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North Carolina goes on offense in fight over ‘bathroom’ law

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North Carolina Gov. Pat McCrory answers a question on HB2 during a question and answer session at the N.C. Chamber Annual Government Affairs Conference at the N.C. Museum of History in Raleigh, N.C., last week. (Ethan Hyman/Raleigh News & Observer/TNS)

North Carolina Gov. Pat McCrory answers a question on HB2 during a question and answer session at the N.C. Chamber Annual Government Affairs Conference at the N.C. Museum of History in Raleigh, N.C., last week. (Ethan Hyman/Raleigh News & Observer/TNS)

In response to U.S. Justice Department pressure to rescind its “bathroom” law, North Carolina has gone on the offensive, accusing the Obama administration of attempting to “rewrite” federal civil rights law:

RALEIGH, N.C. — North Carolina Gov. Pat McCrory’s administration sued the federal government Monday in a fight for a state law that limits protections for lesbian, gay, bisexual and transgender people.logo-all

The lawsuit seeks to keep in place the law, which the U.S. Justice Department said last week violated the civil rights of transgender people against sex discrimination on the job and in education.

The Justice Department had set a Monday deadline for McCrory to report whether he would refuse to enforce the law that took effect in March. McCrory’s defiance could risk funding for the state’s university system and lead to a protracted legal battle.

Federal civil rights enforcement attorneys focused in their warning letters particularly on provisions requiring transgender people to use public restrooms that correspond to their biological sex. The letters threatening possible federal lawsuits were sent to McCrory, leaders of the 17-campus University of North Carolina system, and the state’s public safety agency.

McCrory’s lawsuit, filed in federal court in North Carolina, asks a judge to block Justice Department action that could threaten billions of dollars in federal money flowing to the state.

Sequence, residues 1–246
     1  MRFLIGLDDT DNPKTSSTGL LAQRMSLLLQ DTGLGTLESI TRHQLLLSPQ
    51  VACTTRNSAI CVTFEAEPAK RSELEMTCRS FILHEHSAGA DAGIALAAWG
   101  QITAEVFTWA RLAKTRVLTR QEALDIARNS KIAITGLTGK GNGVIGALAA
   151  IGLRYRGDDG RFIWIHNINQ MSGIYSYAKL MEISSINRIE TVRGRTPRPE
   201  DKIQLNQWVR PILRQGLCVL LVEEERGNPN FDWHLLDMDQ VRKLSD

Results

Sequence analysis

The lawsuit called the law a “common sense privacy policy” and said the Justice Department’s position was a “baseless and blatant overreach.”

“This is an attempt to unilaterally rewrite long-established federal civil rights laws in a manner that is wholly inconsistent with the intent of Congress and disregards decades of statutory interpretation by the courts,” the lawsuit said.

McCrory has become the public face of the law called House Bill 2, which has been the subject of fierce criticism by gay rights groups, corporate executives and entertainers demanding the law’s repeal. North Carolina has already paid a price for the law, with some business scaling back investments in the state and associations cancelling conventions.

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Over the weekend, we told you that the Southern Baptist Convention has been asked to endorse a ban on public display of the Confederate battle emblem. One of those quoted in the column was Russell Moore, president of the SBC’s Ethics & Religious Liberty Commission. As an aside, Moore told me he had an op-ed coming out in the New York Times that touched on Donald Trump and the 2016 presidential race.